When lunchtime arrived, we strapped into the XTS and drove out to the highway. Sixty acres of Mrs. Cole's ranch were acquired for Route 130. She'd fought the acquisition until her lawyers advised it was futile. Now she seemed to ruefully accept the toll road, which here parallels U.S. 183. Arriving minutes later in Lockhart, once a stop on the Chisholm Trail and now the self-proclaimed barbecue capital of Texas, we went to Smitty's Market for a feast. We sat at a plain table, spreading out sheets of heavy paper and each grasping a plastic knife, the only utensil. The big basket of meat was delivered beside a loaf of white bread, whole avocados, and Cokes. "Heart attack on a stick," Mrs. Cole joked as we dug in. Midway through a session that Hieronymus Bosch, the painter of "The Seven Deadly Sins," should have been witnessing, Briarpatch Ranch manager Edward Nicholas Cole, Jr. -- Nick, as he's known -- joined us, bringing along a coworker right from haying. Between bites, Nick talked about his motorsports exploits at Thunderhill Raceway, including stock-car victories and an exhibition of school-bus fender rubbing that resulted in a glorious fireball and lurid rollover.
After a nutritious ice cream cone for dessert, we returned to the ranch and spent more time looking at the XTS. When I mentioned the copious number of passive restraints, Mrs. Cole was reminded of the time Mr. Cole introduced the airbag to the press. "My husband used me as the dummy," she said. "It blew off my glasses and unbuttoned my blouse." The heated-and-cooled front seats of the XTS made her remember the first time she drove a car -- she thought it was an Oldsmobile Toronado -- with seat heaters. This feature was still new to her. "My bottom got very, very hot!" She called Mr. Cole at work to report that the car's undercarriage must have caught fire.
In a parting comment, Mrs. Cole proclaimed the XTS "absolutely gorgeous" but admitted it would take her a week to learn her way around Cue. We exchanged farewells and the journey resumed, heading southbound on the tollway's Edenic, 85-mph stretch. No commercial development, weigh stations, rest areas, or police were to be seen. Pickups and large SUVs accounted for most of the sparse traffic, and none dawdled. Electronic sign displays at intervals along the roadside admonished that the left lane was for passing only. Incredibly enough, drivers observed this maxim. Other signs warned of wildlife. In recent years, feral hogs have overrun this part of central Texas, and since the road's opening some unthinkable collisions have occurred. Today, though, neither road hog nor wild hog was a problem, and we ripped and snorted along, cherishing every aspect of the experience.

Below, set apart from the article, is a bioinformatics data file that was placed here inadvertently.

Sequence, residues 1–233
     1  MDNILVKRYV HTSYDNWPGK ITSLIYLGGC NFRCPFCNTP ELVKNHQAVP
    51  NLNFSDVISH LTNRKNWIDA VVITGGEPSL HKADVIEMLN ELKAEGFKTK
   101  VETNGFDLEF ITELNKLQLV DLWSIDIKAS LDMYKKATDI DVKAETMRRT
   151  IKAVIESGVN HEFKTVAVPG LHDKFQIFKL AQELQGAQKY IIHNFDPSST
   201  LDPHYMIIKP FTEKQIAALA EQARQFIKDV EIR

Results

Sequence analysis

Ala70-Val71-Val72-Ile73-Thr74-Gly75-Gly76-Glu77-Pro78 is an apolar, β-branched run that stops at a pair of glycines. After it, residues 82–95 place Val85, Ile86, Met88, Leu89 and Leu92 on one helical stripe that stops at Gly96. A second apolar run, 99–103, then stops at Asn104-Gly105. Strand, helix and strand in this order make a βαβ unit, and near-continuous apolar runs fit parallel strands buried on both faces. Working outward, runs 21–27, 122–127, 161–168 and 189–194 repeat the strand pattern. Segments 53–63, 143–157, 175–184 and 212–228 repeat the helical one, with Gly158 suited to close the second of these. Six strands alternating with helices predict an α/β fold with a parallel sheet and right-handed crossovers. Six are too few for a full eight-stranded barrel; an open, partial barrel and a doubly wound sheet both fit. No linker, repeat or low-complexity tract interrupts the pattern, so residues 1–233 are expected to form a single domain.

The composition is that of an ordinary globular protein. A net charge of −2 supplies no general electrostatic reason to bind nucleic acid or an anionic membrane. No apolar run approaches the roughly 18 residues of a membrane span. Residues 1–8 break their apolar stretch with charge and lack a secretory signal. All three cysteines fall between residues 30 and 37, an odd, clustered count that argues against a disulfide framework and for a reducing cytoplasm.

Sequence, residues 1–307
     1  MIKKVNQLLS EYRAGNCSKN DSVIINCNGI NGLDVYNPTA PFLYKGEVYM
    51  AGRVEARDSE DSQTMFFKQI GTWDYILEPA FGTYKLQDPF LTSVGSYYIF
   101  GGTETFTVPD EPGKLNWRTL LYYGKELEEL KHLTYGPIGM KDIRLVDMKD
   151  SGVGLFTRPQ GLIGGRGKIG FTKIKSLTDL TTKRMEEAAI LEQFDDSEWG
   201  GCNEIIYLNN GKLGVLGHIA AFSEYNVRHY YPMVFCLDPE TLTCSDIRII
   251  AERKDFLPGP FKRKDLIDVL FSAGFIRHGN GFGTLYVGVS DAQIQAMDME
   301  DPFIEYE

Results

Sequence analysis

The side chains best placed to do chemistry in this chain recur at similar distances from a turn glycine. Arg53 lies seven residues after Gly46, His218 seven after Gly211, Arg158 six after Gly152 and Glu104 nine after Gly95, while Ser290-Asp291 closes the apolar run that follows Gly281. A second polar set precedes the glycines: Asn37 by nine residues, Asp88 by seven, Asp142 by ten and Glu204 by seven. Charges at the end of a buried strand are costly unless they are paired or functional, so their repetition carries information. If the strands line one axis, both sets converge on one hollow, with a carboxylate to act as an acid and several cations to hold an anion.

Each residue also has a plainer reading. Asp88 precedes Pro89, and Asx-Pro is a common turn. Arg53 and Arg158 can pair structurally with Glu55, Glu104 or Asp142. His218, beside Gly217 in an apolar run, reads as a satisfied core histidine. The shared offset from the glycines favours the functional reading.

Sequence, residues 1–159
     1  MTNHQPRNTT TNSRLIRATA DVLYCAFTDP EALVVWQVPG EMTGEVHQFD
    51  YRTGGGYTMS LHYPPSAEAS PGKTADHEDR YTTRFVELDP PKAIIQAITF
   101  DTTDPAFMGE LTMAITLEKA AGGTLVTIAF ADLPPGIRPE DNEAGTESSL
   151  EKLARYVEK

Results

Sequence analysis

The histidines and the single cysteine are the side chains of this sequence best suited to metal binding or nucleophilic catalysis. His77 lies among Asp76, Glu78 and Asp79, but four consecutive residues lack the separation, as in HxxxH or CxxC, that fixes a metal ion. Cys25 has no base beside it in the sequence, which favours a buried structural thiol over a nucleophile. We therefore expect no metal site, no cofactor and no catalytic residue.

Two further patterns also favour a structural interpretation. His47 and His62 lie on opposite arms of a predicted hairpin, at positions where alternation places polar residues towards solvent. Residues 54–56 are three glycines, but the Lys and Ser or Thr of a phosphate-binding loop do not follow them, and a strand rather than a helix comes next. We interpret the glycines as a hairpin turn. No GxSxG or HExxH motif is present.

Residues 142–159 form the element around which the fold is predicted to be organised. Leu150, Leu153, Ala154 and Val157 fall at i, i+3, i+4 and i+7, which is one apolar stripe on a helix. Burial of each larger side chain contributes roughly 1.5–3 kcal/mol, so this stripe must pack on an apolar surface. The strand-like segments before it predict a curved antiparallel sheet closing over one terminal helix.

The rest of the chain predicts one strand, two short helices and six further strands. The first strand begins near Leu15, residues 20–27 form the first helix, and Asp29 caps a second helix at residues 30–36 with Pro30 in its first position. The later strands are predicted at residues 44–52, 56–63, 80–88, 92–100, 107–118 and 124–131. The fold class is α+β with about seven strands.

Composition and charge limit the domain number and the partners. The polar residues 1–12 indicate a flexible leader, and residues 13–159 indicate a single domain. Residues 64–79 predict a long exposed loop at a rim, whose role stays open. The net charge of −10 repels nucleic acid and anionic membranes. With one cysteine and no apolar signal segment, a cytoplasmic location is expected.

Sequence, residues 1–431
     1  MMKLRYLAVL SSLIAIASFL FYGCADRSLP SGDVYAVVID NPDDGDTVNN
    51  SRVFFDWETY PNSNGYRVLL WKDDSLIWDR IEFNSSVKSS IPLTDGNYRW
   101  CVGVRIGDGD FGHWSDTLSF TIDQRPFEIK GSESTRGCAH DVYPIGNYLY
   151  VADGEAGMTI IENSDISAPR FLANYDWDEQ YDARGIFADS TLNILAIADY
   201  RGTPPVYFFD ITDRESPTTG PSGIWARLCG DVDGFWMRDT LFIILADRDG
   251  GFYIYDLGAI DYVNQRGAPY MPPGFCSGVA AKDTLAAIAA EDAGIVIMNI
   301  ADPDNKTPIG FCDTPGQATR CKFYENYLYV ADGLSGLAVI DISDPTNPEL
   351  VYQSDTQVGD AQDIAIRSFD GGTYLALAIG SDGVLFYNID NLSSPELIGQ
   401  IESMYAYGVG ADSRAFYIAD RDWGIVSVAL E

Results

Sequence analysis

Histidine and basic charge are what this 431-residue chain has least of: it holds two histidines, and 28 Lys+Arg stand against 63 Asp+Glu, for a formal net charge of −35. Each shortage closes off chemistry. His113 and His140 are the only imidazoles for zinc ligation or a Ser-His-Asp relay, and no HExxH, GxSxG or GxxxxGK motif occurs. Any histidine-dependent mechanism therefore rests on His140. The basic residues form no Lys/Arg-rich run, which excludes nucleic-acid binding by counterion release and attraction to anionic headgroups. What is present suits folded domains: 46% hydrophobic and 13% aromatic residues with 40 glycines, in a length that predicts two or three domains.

Although the XTS was capable enough at 85 mph, the occasional uphill grade showed that the V-6, rated at 304 hp, produces barely enough torque at 264 lb-ft. The muscular response I sought wasn't quite there. And while the interior was elegant and appealing, the finishes had frayed in a couple of places. I tried to sweet-talk the voice-activated navigation, but it seemed afflicted with tinnitus; when I named my San Antonio hotel, the system produced a list of inns around the Seattle-Tacoma airport.
Beyond these trifles, though, the XTS rocked on every level. If it's the antithesis of the traditional big Caddy, Sheryl Crow is the antithesis of Cher. "All I wanna do is have some fun," she sang. "I got a feeling I'm not the only one." Like a good beer buzz early in the morning, the end of Route 130 came too soon. I was just getting untracked in this Texas sweet spot.